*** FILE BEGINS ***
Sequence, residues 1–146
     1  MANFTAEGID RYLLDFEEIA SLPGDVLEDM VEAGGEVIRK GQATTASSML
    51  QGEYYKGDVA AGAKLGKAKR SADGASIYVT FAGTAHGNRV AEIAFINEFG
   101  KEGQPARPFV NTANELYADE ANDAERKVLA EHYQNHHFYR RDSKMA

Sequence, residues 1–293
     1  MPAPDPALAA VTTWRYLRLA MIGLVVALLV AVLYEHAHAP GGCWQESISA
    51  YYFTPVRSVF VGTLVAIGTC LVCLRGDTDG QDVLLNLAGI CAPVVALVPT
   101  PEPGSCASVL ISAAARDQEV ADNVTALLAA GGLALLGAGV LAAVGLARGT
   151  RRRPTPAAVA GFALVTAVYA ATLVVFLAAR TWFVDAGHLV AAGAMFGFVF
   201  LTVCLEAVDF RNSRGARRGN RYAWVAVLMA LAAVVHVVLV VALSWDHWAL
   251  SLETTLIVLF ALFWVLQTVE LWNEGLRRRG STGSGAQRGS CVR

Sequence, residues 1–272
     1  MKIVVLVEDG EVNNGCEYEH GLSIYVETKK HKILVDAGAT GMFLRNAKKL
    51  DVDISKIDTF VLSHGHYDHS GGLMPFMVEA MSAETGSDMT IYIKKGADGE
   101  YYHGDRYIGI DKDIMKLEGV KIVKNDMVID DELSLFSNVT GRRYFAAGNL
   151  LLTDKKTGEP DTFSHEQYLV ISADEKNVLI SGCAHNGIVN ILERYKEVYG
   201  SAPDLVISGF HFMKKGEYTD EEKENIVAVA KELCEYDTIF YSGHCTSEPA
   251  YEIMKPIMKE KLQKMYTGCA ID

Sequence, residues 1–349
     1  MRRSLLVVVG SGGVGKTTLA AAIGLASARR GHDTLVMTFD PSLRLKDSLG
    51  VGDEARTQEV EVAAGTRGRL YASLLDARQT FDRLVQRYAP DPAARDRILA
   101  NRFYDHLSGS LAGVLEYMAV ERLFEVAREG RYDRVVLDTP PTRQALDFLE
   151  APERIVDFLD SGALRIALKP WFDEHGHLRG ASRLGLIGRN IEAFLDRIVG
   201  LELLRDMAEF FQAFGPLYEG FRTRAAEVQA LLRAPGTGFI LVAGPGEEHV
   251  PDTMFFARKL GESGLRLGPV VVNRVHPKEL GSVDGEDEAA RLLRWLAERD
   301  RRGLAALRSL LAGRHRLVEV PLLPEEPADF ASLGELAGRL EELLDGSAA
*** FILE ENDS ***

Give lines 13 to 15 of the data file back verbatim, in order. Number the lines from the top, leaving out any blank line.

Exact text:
     1  MKIVVLVEDG EVNNGCEYEH GLSIYVETKK HKILVDAGAT GMFLRNAKKL
    51  DVDISKIDTF VLSHGHYDHS GGLMPFMVEA MSAETGSDMT IYIKKGADGE
   101  YYHGDRYIGI DKDIMKLEGV KIVKNDMVID DELSLFSNVT GRRYFAAGNL